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Spreading gifts throughout your lifetime is a great
strategy to help reduce estate taxes. Just be sure to
leave yourself enough to live on.

Making payments directly to medical and educational
providers on behalf of loved ones and giving away up
​to $14,000 per recipient per year gift-tax free are good options for minimizing taxes.

Any exemption you use for gifting will reduce the amount you can use for the estate tax.

As a general rule, it's better to give away money to your loved ones during your lifetime than to wait until after you pass away. There are numerous ways to give money gift-tax free while you're alive—and even if your gift is taxable, at least the recipient will be able to enjoy the gift's full value while you pay the taxes on it. In contrast, if your estate is subject to the estate tax, those taxes will come directly out of what your loved ones would otherwise inherit.

Picture four quarters on the table in front of you. If you were to die with all four quarters and were in the 50% estate tax bracket (the current top rate is 40%, so 50% is not unimaginable), your heirs would be left with two quarters and the federal government would get the other two. That's the estate tax in action.

Now imagine a different scenario. You start with four quarters and move two of those quarters, representing a lifetime gift to your loved ones, aside. Now you take one quarter and move it to the other side of the table as the gift tax you would owe.1 Your beneficiaries would have as much as they did in the first scenario, and you still have a quarter left!

Gifting provides a couple of added bonuses. Any future appreciation on the gift is in the hands of the beneficiary and outside your estate. Plus, you get to participate in the enjoyment of the gift while you're still around.

Below are the rate and exemption levels for gift and estate taxes in 2015:

Estate tax Gift tax
Top rate Exemption Top rate Exemption
40% $5,430,000 per person 


How the gift tax works

Currently, you can give up to $14,000 each to any number of persons in a single year without incurring a taxable gift ($28,000 for spouses "splitting" gifts). The lucky recipient of the gift typically owes no taxes and doesn't have to report the gift unless it comes from a foreign source.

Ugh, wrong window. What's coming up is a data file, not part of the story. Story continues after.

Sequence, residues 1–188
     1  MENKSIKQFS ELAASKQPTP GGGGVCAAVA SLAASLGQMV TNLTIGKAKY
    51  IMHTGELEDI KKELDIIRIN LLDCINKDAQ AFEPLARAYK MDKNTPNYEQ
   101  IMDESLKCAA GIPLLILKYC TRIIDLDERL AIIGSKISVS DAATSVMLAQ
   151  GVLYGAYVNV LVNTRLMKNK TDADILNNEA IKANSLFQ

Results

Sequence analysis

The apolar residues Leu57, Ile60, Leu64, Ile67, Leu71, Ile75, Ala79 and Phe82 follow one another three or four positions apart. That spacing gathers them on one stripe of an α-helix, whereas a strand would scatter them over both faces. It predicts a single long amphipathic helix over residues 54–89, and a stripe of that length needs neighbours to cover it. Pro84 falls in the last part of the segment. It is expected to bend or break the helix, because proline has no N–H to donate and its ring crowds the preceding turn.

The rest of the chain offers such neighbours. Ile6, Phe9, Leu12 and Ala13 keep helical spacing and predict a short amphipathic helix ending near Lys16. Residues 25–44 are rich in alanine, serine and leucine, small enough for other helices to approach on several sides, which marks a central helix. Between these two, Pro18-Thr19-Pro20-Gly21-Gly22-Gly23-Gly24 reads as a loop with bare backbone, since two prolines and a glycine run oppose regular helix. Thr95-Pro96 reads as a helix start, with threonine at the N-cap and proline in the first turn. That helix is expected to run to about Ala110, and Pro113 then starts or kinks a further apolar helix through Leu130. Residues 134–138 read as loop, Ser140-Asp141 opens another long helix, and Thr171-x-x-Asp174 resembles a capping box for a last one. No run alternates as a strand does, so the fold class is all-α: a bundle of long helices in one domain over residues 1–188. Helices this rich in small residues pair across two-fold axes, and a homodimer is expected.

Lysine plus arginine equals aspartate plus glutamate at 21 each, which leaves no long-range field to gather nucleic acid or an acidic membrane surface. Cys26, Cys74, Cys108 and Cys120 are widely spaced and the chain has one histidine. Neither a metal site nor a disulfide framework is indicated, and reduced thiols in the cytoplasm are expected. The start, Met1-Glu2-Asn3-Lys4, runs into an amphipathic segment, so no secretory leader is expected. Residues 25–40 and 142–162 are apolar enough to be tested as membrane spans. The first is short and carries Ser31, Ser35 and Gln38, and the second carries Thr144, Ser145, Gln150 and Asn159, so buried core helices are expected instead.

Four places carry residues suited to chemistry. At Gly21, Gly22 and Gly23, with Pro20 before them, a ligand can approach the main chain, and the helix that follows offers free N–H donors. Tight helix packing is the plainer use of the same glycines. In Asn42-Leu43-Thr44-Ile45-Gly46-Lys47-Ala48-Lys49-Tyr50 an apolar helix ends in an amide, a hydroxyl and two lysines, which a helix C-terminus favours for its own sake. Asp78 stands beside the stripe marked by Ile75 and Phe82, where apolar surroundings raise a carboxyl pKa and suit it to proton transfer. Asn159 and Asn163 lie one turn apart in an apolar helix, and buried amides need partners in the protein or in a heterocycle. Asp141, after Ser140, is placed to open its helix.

You can also make unlimited payments directly to medical providers or educational institutions on behalf of others for qualified expenses without incurring a taxable gift.

However, if your gift exceeds $14,000 to any person during the course of the year, you have to report the taxable gift on a Gift Tax Return, IRS Form 709. Spouses splitting gifts must always file Form 709, even when no taxable gift is incurred.

For taxable gifts, each donor has an aggregate lifetime exemption before any out-of-pocket gift tax is due. In other words, under current law you can give away up to $5.43  million during your lifetime—over and above the annual $14,000 exclusion and any payments you make directly to educational or medical providers on someone else's behalf—and still avoid gift tax.

The gift tax return is due on April 15th following the year in which the gift is made.

There's one big caveat here. Whatever exemption you use for gifting will reduce the amount you can use for the estate tax—the $5.43 million exemption applies to gift and estate taxes combined. (This is what the IRS refers to as a "unified credit.") That said, surviving spouses may claim any unused exemption from the deceased spouse.

Example 1: You're unmarried and give away $3 million (over the $14,000 per person annual exclusion) during your lifetime. After you die, $2.43 million of your estate is still exempted from the estate tax.2

Example 2: Your spouse gives away $4 million and you give away $1 million (over the $14,000 per person annual exclusion) during your lifetimes. If one of you passes away, the surviving spouse will have a $5.86 million estate tax exemption ($1.43 million of unused exemption from your spouse plus $4.43 million of your unused exemption).2

Lifetime gifting and estate planning

Typically, taking advantage of the annual $14,000 exclusion and making payments directly to medical or educational providers on behalf of loved ones is a great strategy that helps preserve your lifetime exemption.

Most advanced wealth-transfer strategies minimize gift taxes by taking advantage of the annual exclusion, the lifetime exemption and valuation discounts available under the law (a valuation discount means the gift is worth less than its apparent value for gift tax purposes).

Finally, a couple of caveats:

Lifetime gifting can be a great strategy, as long as you leave yourself enough to live on. For the gift to count, it has to be irrevocable, so be sure to plan carefully with the help of a professional.
If the estate tax is ever repealed, as it was for the 2010 tax year, you may regret having paid gift tax now in an effort to minimize your estate tax. You have to do the best you can, based on what you know now, within the context of your goals.